And I actually am going into journalism for my career, so it made me excited that I think that I’m going down the right path and it, like, gave me recognition for all my hard work.
Zydalis Bauer: Absolutely. And you already have a bright future ahead of you in that field of study. So, congratulations on that! Tell me a little bit more about the other artwork and written pieces that were submitted, because I know that they were described as being very thoughtful and they passed your expectations that you have for the students. I know the students probably never cease to amaze you.
So, tell me a little bit more about the other submissions that you received for the contest.
Paul N. Foster: Well, we had lots of different writings. We had poems. We had some other poems. We had several students who are winners, wrote letters to the superintendent talking about why they thought certain pillars of the portrait were important.
And in the case of the artwork, we had some digital art, we had some paintings. I think we had a charcoal drawing. We had one student illustrated, basically, a picture of figures climbing a mountain and I think a flag at the top of the mountain. And they were really conveying that for them, the Portrait of the Graduate was what they were trying to achieve.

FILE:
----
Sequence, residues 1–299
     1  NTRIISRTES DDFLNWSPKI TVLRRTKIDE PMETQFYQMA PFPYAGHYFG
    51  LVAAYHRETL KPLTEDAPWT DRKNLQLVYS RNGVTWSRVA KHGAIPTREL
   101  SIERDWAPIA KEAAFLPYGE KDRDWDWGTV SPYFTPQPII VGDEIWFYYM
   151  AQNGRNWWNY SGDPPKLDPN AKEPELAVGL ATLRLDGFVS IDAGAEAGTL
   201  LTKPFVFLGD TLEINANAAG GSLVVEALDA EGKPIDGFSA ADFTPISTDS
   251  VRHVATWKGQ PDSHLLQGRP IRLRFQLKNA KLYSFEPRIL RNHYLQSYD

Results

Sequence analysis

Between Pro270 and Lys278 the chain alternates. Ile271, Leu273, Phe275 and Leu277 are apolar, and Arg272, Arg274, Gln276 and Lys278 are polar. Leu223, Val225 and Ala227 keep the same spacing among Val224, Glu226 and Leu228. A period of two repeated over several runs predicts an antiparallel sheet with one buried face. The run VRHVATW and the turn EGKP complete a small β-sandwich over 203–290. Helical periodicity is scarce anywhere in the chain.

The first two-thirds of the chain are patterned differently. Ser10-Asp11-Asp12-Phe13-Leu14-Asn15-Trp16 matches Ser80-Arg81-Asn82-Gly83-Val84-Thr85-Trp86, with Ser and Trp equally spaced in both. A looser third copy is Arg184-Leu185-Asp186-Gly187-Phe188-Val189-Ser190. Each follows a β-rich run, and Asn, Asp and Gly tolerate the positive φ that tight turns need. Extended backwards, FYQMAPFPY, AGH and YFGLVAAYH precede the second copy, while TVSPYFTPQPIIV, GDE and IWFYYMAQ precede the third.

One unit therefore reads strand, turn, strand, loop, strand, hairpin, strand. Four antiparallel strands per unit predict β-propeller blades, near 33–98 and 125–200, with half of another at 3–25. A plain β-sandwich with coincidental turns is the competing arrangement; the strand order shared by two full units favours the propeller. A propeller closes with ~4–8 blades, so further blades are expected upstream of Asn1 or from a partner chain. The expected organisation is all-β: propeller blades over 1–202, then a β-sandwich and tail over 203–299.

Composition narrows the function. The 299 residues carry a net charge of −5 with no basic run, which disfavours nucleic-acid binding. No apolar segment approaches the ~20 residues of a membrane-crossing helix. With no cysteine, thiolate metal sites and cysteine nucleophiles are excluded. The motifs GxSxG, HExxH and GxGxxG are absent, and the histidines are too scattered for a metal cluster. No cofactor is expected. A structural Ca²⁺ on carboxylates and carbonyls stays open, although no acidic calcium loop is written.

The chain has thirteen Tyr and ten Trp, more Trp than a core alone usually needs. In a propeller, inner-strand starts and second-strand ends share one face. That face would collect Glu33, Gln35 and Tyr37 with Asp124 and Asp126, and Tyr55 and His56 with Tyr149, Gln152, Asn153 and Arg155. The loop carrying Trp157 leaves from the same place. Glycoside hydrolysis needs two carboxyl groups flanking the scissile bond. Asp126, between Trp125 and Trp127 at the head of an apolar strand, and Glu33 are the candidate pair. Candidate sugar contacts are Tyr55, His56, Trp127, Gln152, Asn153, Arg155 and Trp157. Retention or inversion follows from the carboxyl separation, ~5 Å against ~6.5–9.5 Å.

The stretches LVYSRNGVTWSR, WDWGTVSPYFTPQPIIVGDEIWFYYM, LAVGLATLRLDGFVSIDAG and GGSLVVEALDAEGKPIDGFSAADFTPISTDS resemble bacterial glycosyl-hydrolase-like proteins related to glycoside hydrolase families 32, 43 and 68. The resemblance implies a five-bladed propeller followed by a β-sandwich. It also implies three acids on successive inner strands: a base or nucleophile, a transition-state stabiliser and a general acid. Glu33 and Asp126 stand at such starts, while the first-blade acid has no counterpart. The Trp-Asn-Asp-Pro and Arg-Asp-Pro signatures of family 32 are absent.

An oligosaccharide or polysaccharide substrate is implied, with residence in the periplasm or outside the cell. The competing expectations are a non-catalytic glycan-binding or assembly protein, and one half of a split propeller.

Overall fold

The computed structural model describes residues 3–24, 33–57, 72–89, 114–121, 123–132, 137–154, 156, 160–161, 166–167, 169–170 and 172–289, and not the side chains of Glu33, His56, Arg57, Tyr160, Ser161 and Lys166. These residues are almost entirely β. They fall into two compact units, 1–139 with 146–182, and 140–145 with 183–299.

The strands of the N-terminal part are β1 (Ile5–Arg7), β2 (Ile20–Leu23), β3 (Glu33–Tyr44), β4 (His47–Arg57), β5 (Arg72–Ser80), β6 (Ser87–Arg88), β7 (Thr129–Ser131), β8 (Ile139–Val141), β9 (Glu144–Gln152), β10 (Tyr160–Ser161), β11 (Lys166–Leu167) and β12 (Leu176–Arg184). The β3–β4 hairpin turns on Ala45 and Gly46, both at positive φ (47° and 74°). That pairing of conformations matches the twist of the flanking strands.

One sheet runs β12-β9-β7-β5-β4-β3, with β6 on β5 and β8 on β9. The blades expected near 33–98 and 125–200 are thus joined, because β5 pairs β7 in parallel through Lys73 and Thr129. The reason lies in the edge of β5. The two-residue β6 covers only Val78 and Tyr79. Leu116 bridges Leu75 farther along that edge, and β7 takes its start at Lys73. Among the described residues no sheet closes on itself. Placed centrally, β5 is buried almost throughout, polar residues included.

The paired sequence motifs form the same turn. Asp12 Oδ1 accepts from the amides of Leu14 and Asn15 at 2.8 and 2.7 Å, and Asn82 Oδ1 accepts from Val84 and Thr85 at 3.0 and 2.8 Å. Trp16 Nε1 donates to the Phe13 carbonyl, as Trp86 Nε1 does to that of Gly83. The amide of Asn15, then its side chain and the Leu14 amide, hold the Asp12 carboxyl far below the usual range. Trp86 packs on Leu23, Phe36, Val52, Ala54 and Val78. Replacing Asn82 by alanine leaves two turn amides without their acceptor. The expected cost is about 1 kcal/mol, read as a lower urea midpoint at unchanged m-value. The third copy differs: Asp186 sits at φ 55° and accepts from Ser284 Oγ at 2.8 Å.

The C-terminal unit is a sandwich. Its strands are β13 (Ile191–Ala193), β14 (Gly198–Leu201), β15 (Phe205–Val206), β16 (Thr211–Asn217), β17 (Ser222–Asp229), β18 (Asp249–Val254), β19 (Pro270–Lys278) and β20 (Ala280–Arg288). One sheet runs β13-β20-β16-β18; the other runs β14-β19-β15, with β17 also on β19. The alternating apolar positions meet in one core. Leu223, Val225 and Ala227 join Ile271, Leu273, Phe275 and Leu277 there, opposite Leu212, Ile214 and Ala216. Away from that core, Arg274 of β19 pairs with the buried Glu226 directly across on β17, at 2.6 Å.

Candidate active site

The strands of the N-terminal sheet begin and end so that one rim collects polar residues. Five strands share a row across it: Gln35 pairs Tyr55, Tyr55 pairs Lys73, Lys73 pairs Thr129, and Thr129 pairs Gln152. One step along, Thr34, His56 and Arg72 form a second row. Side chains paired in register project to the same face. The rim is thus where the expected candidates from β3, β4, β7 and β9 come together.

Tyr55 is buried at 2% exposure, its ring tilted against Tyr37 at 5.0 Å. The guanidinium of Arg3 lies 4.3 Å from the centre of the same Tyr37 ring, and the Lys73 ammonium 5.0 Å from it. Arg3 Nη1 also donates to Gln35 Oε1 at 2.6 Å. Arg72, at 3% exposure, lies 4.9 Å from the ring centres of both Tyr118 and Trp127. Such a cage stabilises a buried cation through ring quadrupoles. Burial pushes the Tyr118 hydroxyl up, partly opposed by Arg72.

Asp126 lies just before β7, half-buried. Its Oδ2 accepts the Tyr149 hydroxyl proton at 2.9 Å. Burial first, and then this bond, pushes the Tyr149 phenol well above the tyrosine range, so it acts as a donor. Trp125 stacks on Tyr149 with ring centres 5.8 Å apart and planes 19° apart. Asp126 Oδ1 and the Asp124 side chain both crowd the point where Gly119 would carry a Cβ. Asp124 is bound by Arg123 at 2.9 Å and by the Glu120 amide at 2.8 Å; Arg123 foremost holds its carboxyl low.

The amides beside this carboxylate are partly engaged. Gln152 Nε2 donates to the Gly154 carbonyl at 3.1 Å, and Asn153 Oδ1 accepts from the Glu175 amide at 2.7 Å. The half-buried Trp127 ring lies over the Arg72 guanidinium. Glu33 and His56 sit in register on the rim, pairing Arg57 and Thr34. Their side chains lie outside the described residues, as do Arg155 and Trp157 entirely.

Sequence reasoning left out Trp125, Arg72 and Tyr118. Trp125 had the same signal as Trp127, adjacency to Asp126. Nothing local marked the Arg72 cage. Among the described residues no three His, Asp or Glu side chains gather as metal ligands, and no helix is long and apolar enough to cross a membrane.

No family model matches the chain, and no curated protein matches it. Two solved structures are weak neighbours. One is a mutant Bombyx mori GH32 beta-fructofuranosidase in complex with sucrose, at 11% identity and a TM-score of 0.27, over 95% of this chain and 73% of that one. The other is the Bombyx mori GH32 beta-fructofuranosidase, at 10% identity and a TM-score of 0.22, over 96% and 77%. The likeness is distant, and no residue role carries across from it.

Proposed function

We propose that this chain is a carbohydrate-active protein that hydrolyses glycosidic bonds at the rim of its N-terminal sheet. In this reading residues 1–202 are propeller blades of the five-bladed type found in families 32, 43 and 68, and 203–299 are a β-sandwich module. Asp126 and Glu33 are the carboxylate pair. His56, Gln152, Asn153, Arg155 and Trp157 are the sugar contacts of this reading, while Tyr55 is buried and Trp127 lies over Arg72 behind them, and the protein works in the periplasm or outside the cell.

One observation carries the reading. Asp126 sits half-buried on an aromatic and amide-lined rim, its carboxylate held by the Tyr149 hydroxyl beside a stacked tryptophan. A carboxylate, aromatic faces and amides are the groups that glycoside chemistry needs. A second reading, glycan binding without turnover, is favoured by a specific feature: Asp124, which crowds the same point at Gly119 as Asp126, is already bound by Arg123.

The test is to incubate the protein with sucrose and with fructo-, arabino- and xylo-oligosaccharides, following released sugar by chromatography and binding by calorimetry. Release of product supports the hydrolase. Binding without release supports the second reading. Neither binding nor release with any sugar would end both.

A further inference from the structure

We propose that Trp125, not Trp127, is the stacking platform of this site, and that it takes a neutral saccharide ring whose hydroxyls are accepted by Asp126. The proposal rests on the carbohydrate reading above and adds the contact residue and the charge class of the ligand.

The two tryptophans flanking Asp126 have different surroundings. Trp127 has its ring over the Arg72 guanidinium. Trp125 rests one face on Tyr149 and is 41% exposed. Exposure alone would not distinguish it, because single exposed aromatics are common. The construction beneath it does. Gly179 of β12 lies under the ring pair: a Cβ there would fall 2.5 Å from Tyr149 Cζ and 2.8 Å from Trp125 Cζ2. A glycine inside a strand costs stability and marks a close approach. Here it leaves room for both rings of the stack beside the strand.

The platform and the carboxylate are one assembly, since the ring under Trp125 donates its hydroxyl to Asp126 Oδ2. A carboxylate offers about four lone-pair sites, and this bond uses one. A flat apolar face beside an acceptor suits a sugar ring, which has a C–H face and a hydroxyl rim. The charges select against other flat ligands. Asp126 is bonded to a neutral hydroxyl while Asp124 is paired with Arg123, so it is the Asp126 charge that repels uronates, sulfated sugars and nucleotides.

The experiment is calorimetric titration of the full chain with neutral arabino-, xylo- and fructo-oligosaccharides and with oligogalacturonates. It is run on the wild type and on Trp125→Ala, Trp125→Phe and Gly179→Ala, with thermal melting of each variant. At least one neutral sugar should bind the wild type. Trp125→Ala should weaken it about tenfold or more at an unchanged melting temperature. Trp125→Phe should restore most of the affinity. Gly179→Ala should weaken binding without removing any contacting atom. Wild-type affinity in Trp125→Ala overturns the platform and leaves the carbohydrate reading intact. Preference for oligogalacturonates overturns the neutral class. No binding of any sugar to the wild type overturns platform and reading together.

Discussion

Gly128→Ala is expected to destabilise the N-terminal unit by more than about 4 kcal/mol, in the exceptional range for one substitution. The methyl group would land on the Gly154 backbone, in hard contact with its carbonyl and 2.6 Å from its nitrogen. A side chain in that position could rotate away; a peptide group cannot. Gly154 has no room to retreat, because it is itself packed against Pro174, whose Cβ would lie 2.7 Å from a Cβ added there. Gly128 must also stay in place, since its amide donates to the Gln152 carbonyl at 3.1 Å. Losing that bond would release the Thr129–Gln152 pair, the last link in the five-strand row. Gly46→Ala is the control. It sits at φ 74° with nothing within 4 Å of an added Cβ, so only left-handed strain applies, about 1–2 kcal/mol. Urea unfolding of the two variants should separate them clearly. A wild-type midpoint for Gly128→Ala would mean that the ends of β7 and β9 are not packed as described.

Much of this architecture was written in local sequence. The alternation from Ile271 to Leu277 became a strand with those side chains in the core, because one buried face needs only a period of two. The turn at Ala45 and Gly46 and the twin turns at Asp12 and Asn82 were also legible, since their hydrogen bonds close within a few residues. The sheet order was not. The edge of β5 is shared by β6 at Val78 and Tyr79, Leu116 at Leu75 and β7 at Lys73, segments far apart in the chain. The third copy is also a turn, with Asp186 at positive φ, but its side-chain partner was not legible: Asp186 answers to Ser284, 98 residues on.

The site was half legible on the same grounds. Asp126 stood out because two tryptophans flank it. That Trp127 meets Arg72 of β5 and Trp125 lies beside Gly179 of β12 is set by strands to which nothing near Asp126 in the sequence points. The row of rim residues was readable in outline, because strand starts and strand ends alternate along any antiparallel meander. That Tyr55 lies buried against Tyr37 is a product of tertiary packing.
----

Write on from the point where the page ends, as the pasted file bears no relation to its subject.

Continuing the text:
For each of our pieces of artwork, students also did an artist statement, and it’s just beautiful to read students describing this feeling of like, it’s hard, that school is hard, and this process of — really the process of growing up and figuring out who you want to be and developing the skills to achieve that. And for them, there was that visual of climbing this mountain.
Another one I’ll describe was a student who did a digital piece of art, and it was a character. And the part that really stood out to me is the character was illustrated with stars in their eyes. In the in the artist statement, what the student said is that every student at school should be like that. Every student when they’re at school should have stars in their eyes because they’re so excited about what they’re learning.
And I think that’s really a beautiful description of what we hope to achieve in school and what we hope to achieve with our Portrait of a Graduate is creating a place where students are excited to kind of pursue their dreams and feel empowered to do that.
Zydalis Bauer: And what I love about this contest is that it’s not like the students just submitted their work and that’s it. You all have plans to display it, and I know that there’s a podcast for the written pieces.
So, tell me a little bit more about how you plan to highlight the work that the students submitted.